Please give me some sources and secondary literature titles about this! That there really were some orthodox influences on Old Roman, Gregorian and Beneventan chant is well known, but the question is really how far did this go over the centuries - did it really go so far that performance practice(s) were influenced strongly? I doubt that that should have been the case. Taking some melodic inspirations and possibly some similar (not necessarily IDENTICAL) ornaments from other chant traditions does not mean that they sounded "oriental" in the Roman Schola. Let's stick to what is LIKELY - each chant tradition very probably had its OWN performance practice features and tradition. And at the time when Old Roman chants were written down, these traditions were already centuries old. Is it really likely that Roman singers should have integrated something into their singing style which sounds rather "foreign", "extravagant", "strange" and even manneristic and kept it over centuries? - Isn't it MUCH likelier that they had their very OWN style of singing chant? Until there's any real evidence how Old Roman chant was (probably) sung, I would really suggest to sing it in a rather "pure" and "plain" style - without any "extravagancies" or extremes (such as too low or too high pitches), with very beautiful and clear voices, relishing in the long melismas, "additions" (polyphony, ornaments ...) only in places and in a style were these really seem APPROPRIATE from the point of view of sources of the Old Roman or Gregorian tradition: the Gregorian repertory and the pertinent theoretical sources are really linked to the Old Roman by history - orthodox or oral traditions from North Africa etc. are too far removed from it, too far fetched.

    Let's really THINK about how we can ESTABLISH such a chant database, regular chant performances in Rome and above all stylish, "classy" chant recordings of Old Roman - that seems to me a very fruitful project, which may even have some bearing for chant research.

    The recordings by Ensemble Organum and others are from yesterday - let's think about something new for tomorrow.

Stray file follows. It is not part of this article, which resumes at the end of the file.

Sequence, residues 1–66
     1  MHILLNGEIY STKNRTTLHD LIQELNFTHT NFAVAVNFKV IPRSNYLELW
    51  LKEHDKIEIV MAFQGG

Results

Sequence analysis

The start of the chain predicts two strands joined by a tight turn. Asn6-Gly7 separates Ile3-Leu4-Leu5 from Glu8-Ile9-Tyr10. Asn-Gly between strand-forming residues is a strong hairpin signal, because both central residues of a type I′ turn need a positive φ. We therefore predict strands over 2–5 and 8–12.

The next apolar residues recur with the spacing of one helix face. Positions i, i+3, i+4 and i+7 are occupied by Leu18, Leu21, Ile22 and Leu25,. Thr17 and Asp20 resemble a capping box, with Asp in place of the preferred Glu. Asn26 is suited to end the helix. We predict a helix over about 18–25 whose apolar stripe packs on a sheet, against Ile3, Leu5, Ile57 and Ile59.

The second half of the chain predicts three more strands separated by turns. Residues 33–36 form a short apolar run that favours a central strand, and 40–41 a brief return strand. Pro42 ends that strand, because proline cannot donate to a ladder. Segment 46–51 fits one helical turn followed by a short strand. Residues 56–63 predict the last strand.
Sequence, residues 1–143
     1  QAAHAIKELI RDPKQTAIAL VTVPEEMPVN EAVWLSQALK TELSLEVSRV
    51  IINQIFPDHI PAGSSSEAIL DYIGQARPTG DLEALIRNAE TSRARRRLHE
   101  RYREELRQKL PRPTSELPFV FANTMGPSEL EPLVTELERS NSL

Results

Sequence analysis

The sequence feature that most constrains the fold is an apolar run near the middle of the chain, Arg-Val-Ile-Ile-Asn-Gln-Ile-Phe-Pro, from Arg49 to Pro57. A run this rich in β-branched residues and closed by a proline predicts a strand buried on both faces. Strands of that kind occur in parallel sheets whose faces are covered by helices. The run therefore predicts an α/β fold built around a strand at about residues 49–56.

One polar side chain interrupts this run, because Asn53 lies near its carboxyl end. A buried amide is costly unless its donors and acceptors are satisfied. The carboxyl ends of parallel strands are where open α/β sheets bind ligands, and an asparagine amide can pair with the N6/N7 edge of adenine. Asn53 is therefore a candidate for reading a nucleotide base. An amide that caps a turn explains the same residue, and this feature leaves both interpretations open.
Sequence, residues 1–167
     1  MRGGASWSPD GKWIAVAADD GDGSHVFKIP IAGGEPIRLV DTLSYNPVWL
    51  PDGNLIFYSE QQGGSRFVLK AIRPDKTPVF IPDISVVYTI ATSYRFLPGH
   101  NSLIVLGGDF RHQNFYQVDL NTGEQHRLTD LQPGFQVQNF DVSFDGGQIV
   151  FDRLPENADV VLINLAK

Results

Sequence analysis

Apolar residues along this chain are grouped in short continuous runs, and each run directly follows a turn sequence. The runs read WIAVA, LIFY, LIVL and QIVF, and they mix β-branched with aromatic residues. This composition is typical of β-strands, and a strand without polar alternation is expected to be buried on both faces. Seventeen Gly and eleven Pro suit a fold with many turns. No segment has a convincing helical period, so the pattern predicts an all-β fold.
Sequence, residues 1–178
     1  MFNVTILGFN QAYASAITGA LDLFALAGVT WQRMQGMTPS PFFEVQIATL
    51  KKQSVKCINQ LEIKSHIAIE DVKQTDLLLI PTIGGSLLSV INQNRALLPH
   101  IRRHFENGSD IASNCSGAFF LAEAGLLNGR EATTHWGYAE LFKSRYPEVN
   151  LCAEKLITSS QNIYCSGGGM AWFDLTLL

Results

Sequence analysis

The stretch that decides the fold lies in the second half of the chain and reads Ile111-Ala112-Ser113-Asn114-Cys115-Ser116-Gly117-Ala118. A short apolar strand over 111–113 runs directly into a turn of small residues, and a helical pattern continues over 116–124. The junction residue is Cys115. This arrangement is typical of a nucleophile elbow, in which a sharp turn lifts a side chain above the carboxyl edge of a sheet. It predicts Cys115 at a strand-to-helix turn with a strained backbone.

Best,

             CD

  • Dear Christoph

    I read your text with great pleasure. I just wonder, how much impact sound colour has on the acoustic perception (aisthesis). Among Orthodox singers, Lykourgos had a very high voice. I can hardly believe that he would choose such a low register as you describe. It is rather the impression, because the general aesthetic of traditional male as well as female voices in the Mediterranean prefer a vocal technique which use even the chest voice in the highest register. The result is a spectogramme, where the lower overtones have the strongest volume.

    While the voices of your preference sound rather clearer and more brilliant, because they use another voice which strengthen much higher overtones (like the fifth 12 times the basis frequence). They are simply perceived as much higher, even if they intone on a lower frequence than the dark voice.

    But if you compare the ornaments and subtleties of intonation of Lykourgos' voice with the majority of those classical voices, you could do a very similar comparison as John once did. Everybody who visited those courses by Marcel or Lykourgos in Jarosław, know, how it sounds, when somebody who is not familiar with certain less common sound proportions, tries the first time to sing an ornament which uses a microtonal tremolo. It is in fact about a third, when you try to imitate it the first time. But Lykourgos felt very small in comparison with many other protopsaltes of different local schools. There were many masters whom he adored and he was very happy, whenever he could learn from them.